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More than the twisting spiral slide at Frazier Park; more than Eagles dime store with its glass-fronted candy case, where I could get a paper bag filled with my favorite

Madison County Championship Rodeo

More than the twisting spiral slide at Frazier Park; more than Eagles dime store with its glass-fronted candy case, where I could get a paper bag filled with my favorite

Rosemary and Goat Cheese Strata

More than the twisting spiral slide at Frazier Park; more than Eagles dime store with its glass-fronted candy case, where I could get a paper bag filled with my favorite

From Elizabeth Hudson: Paths Forward

More than the twisting spiral slide at Frazier Park; more than Eagles dime store with its glass-fronted candy case, where I could get a paper bag filled with my favorite chocolate stars; more than the giraffe and ostrich habitat at the North Carolina Zoo, the absolute greatest place I knew growing up in Asheboro was the Randolph County Public Library.

The side entrance was across the street from my grandmother’s house, and she and I walked through those doors together every Saturday, the shiny waxed floors in the corridor widening out in front of us, gleaming like the path to Oz.

I’d make my way to the children’s room, where the tables were kid-size and the bookshelves were low, the spines of the Dr. Seusses and the Childcraft encyclopedias, the Amelia Bedelias and the Frog and Toads all at eye level.

In here, I traveled along with Jess and Leslie as they explored the magical land of Terabithia, and with orphan Anne Shirley, who got sent to live on a farm called Green Gables. I listened as Jesse Tuck implored Winnie not to drink from the fountain of youth. I watched Charlotte spin a web and remind Wilbur that he had always been her friend. The discovery of one book led me down other paths: Henry Huggins introduced me to Ramona the Pest; a dive into the world of Narnia led me to the hobbits of Middle Earth.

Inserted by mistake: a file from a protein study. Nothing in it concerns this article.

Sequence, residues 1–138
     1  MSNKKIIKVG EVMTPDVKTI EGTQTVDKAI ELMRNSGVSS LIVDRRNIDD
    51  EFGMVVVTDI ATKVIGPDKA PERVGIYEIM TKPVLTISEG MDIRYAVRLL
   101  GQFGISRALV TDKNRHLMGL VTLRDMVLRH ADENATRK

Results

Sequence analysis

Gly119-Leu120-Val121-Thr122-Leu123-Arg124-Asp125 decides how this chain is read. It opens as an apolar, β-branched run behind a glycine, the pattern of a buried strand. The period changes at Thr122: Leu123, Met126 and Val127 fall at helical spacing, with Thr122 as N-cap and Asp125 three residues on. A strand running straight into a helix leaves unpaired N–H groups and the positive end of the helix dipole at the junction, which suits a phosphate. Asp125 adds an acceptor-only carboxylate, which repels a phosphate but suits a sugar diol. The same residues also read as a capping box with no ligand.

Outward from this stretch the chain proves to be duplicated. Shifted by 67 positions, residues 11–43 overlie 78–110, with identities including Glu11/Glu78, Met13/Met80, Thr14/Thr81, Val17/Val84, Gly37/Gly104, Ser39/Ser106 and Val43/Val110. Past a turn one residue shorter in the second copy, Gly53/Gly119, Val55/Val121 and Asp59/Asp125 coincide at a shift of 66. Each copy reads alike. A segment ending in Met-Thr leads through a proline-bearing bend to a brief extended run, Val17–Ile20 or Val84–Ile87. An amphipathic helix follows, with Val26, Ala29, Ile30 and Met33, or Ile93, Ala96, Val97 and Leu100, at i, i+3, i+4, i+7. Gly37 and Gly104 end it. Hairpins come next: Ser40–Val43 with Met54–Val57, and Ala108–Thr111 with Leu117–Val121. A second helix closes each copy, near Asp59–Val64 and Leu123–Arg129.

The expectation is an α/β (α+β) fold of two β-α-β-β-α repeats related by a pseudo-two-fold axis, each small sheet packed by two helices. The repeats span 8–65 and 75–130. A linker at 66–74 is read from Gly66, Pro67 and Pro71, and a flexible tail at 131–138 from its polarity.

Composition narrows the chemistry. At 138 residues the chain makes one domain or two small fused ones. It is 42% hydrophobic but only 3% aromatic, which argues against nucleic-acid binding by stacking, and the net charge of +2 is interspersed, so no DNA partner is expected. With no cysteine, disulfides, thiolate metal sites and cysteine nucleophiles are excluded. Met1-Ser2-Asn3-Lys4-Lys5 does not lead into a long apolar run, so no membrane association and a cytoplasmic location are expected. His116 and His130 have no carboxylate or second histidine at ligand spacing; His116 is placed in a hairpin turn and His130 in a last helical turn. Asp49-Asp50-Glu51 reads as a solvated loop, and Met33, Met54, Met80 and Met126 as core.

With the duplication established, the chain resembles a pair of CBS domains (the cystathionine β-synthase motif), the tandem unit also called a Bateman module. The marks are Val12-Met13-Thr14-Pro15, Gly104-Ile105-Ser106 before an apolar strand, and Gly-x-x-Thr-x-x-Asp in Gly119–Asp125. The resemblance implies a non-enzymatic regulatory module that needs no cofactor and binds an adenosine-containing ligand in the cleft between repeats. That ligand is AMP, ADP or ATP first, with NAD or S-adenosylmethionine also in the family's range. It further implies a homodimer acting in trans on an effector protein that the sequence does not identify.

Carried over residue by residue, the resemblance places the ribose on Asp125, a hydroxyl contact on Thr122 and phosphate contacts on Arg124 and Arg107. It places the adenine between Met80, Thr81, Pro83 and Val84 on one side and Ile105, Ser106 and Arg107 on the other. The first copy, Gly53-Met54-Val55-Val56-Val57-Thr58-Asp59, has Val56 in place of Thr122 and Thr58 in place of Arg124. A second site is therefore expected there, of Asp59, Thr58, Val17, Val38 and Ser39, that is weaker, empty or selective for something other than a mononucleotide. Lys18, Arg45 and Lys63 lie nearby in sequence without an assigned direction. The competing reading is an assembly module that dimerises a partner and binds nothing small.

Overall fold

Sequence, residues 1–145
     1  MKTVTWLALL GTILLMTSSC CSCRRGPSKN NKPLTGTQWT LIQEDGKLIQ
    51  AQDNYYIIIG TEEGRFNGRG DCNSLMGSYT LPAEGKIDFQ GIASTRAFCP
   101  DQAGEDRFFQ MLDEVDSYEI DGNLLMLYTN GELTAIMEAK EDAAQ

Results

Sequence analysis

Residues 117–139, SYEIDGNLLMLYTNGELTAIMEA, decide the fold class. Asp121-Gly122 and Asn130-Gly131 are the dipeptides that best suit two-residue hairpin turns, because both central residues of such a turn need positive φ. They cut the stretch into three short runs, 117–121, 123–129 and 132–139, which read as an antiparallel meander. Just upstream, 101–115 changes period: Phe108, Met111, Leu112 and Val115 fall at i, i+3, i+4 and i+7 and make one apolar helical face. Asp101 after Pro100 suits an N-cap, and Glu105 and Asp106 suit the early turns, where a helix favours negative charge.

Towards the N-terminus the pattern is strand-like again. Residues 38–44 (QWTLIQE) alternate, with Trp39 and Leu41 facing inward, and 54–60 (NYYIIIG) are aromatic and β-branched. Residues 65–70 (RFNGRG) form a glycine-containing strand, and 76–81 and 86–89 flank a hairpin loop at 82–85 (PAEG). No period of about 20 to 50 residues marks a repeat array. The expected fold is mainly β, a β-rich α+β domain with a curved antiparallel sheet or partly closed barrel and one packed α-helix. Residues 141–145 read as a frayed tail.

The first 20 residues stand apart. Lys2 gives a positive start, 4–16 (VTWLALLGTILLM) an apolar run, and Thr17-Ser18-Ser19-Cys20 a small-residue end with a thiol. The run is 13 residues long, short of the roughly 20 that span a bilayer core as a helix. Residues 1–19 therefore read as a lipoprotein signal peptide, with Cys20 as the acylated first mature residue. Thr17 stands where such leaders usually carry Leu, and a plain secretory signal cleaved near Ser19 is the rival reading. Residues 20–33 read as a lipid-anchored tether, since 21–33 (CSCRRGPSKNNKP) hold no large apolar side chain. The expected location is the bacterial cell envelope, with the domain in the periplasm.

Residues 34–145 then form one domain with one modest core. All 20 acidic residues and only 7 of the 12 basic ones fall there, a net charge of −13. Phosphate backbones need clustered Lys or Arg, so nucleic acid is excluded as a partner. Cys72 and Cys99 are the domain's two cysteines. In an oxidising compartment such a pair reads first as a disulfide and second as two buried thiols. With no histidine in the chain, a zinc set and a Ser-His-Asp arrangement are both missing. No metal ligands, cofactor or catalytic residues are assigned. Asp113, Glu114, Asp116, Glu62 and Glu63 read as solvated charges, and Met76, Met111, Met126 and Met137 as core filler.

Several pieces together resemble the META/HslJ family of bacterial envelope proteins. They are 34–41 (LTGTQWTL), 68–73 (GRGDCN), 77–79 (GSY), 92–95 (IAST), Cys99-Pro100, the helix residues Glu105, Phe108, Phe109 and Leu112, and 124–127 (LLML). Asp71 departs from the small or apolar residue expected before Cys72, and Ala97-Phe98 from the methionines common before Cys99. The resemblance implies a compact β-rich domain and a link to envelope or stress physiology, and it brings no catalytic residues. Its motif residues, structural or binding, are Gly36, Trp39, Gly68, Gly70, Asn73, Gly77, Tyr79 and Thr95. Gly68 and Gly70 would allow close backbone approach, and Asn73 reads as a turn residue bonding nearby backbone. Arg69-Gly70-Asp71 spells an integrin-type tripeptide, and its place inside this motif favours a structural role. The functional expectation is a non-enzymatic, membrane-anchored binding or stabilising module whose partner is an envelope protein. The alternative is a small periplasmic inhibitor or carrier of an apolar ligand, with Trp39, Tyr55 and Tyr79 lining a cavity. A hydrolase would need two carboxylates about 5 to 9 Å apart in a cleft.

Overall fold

Libraries do this: They open up rabbit holes; they drop bread crumbs; they blaze trails through forests.

Not all those who wander are lost.

At the circulation desk, the librarian — a tall woman with white hair named Miss Fox — had me print my name on the cards in the pockets of my books. I remember her red jacket, the towering way she stood over the desk, how her shoulders rounded as she stooped to show me a new book.

At 7 years old, I couldn’t have known the path that led Charlesanna Fox to my library. That she graduated from the North Carolina College for Women — UNCG, my alma mater, too! — in the ’30s, or that, during World War II, she’d been called to the Navy Library in Washington D.C., where she chose all the books for U.S. Navy ships.

I couldn’t have known that when she was sent to Camp Lejeune in 1942 to become the first base librarian, she was the sole woman there, or that she served as the librarian at Pearl Harbor before returning to her hometown of Asheboro — my hometown, too! — to run the library for the next 30 years, where she showed young readers like me where to find new stories, how to follow new paths. Four years before she died in 2012, Miss Charlesanna Fox received the Order of the Longleaf Pine, one of only a handful of librarians in the state to receive such an honor.

I think she would’ve been proud to know that I learned all this through an oral history interview for the Women Veterans Historical Project, a special collection housed at the UNCG library. I’d been combing through their archives, researching a project that led me elsewhere, reacquainting me with a woman I remembered but didn’t really know.

Libraries do this, too: They hold on to the stories we never want to forget, preserving them for the next discovery.

 

 

 

 

 

Elizabeth Hudson
Editor in Chief

This story was published on Dec 29, 2020

Elizabeth Hudson

Elizabeth Hudson

Hudson is a native of North Carolina who grew up in the small community of Farmer, near Asheboro. She holds a B.A. degree in English from the University of North Carolina at Greensboro and began her publishing career in 1997 at Our State magazine. She held various editorial titles for 10 years before becoming Editor in Chief of the 80-year-old publication in 2009. For her work with the magazine, Hudson is also the 2014 recipient of the Ethel Fortner Writer and Community Award, an award that celebrates contributions to the literary arts of North Carolina.